That was Freeman's last play of the game, and it capped a reasonably good night for him and the first-team offense, which will now take a spectator role in the final preseason game.  Their next action will come in the regular-season opener on September 11.

"I think we're right where we need to be," said Freeman.  "Obviously a lot of it right now is getting everybody out [there], getting everybody back in the swing of things in terms of being out there.  I know all the guys felt good, guys were excited, the energy was high.  It was great to come out and get that much playing time."

Overall, Freeman was 12 of 23 for 149 yards, no touchdowns and no interceptions.  It added up to a passer rating of 72.6, which doesn't measure up to his final number of 95.9 last year, but in a sample size this small it's easy to see how close Freeman really was to his 2010 form.  Freeman admits to overthrowing at least three targets he should have hit – one to Williams and two to tight end Kellen Winslow – and he just as easily could have thrown the ball into the end zone at the end of that two-minute drill.  Add three completions and one touchdown to his night and Freeman's passer rating instantly shoots up to 97.9.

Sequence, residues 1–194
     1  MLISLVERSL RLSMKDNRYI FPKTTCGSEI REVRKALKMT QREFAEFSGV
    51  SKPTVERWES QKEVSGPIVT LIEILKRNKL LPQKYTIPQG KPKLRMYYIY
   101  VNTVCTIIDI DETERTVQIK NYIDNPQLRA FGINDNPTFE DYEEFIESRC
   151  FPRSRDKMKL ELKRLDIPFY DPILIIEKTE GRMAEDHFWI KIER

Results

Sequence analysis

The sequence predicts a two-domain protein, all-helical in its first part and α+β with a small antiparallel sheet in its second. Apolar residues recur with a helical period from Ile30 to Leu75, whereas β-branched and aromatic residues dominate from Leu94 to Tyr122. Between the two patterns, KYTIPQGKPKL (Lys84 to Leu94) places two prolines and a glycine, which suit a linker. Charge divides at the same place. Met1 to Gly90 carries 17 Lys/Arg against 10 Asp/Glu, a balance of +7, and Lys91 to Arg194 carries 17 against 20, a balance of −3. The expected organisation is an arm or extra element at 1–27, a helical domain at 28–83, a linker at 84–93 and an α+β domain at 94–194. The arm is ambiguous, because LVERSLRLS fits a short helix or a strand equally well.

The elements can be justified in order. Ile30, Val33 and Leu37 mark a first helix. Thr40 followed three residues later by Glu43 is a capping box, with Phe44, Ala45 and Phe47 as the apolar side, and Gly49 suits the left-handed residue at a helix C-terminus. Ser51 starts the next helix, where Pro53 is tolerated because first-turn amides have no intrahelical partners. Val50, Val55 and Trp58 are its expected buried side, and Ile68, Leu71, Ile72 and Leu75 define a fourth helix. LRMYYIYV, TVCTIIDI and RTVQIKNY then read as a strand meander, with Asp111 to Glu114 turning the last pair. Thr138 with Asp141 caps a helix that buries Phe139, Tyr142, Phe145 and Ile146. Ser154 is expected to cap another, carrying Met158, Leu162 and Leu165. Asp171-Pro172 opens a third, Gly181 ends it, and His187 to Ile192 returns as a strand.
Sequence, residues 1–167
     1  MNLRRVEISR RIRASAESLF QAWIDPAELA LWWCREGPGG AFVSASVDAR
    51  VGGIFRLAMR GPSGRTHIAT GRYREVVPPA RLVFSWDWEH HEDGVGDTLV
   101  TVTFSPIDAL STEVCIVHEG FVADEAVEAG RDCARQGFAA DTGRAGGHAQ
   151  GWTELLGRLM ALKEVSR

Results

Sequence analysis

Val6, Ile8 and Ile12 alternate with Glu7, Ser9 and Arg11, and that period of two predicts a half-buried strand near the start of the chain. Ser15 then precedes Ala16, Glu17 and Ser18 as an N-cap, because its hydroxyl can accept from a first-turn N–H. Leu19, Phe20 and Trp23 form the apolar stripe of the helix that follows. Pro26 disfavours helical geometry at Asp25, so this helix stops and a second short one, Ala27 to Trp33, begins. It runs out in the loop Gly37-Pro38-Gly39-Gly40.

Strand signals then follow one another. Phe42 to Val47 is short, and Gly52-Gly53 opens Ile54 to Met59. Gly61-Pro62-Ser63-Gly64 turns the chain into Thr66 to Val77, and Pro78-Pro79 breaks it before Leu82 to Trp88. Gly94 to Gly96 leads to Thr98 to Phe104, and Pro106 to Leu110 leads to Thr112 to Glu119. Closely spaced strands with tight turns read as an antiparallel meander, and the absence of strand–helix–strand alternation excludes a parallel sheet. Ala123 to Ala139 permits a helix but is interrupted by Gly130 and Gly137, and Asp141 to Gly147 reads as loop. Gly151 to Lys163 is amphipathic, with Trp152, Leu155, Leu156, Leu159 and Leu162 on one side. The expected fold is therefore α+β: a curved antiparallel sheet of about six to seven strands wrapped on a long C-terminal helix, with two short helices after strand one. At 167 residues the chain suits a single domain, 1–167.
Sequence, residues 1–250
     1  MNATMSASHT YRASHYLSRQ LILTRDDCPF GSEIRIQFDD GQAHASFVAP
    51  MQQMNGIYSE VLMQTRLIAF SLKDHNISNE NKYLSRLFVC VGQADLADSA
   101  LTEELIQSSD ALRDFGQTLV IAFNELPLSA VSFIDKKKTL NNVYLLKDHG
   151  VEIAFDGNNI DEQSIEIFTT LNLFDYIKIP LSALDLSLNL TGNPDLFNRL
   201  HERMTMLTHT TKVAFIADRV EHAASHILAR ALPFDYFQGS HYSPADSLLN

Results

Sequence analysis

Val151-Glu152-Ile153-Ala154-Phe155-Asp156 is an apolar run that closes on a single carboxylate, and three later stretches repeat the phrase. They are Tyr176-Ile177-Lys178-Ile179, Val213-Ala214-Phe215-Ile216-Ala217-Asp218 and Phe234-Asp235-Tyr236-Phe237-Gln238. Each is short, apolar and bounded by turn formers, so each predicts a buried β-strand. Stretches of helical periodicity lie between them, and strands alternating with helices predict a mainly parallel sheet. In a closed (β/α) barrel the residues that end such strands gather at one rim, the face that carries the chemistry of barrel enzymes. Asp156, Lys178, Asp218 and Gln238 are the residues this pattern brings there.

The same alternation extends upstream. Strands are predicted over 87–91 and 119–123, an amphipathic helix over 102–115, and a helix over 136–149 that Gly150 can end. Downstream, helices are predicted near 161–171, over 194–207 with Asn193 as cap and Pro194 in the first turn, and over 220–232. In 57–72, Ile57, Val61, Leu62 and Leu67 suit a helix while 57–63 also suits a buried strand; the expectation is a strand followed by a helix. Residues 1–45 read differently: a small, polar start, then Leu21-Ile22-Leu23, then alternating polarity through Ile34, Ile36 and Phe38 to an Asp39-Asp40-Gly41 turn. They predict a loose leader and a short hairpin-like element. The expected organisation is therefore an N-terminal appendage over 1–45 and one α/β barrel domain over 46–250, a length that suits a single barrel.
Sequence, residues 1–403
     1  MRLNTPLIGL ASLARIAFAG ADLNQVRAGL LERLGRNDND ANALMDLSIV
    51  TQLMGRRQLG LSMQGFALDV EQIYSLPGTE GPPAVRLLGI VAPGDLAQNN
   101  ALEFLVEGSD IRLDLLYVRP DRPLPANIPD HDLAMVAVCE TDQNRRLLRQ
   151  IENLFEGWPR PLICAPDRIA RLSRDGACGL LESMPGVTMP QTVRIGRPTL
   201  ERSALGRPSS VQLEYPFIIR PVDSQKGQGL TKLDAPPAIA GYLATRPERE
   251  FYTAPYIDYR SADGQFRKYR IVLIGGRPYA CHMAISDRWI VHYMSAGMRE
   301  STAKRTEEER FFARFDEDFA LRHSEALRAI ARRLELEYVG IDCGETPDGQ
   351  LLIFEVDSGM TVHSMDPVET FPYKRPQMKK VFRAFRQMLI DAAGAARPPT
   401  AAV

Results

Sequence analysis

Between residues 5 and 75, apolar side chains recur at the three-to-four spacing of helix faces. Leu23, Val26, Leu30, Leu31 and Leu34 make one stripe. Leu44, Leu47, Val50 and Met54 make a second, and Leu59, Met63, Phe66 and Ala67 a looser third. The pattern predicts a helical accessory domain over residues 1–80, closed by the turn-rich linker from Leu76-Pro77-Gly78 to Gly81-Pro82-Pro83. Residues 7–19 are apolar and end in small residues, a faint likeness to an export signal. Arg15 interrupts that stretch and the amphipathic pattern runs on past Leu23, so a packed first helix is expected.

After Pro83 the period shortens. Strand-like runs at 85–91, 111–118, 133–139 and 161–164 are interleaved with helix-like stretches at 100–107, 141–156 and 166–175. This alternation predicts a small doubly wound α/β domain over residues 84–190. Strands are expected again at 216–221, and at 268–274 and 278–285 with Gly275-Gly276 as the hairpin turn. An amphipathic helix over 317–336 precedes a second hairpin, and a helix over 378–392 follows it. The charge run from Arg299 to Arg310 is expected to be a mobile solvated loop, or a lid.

So Freeman could have been a bit rusty in his first extended action of 2011, but Morris had specifically wanted Saturday night to be an opportunity for the starters to "shake off the rust."

"Yeah, he missed a couple guys," said Morris.  "I was pretty happy with how he ended up.  He was about a 70-something-percent quarterback rating, and if he hit those couple receivers it's a lot higher and he's Drew Brees.  He's working to be there.  We'll get him there, and he'll continue to get better every single week.  We're right on track, especially compared to where he was last year."

Last summer, Freeman fractured the tip of his right thumb on the first offensive series of the second preseason game, and didn't return to action until the regular-season opener.  That limited him to all of eight throws in the preseason (great ones, as it turned, as he completed six of them for 74 yards and a touchdown).  This year, he has played the exact number of summer snaps that the coaching staff prescribed, and he's right on track.  He would have liked a few throws back on Saturday night, but they didn't cause him any lasting concern.

"It's nothing I'm really concerned about.  Obviously penalties set us back on the first drive, but it felt good.  You ask anybody and they felt great about being out there on offense and going through our standard operating procedures.

"It's the preseason.  It serves a purpose and we got everything we're trying to do accomplished, so I feel really good about looking forward to Detroit."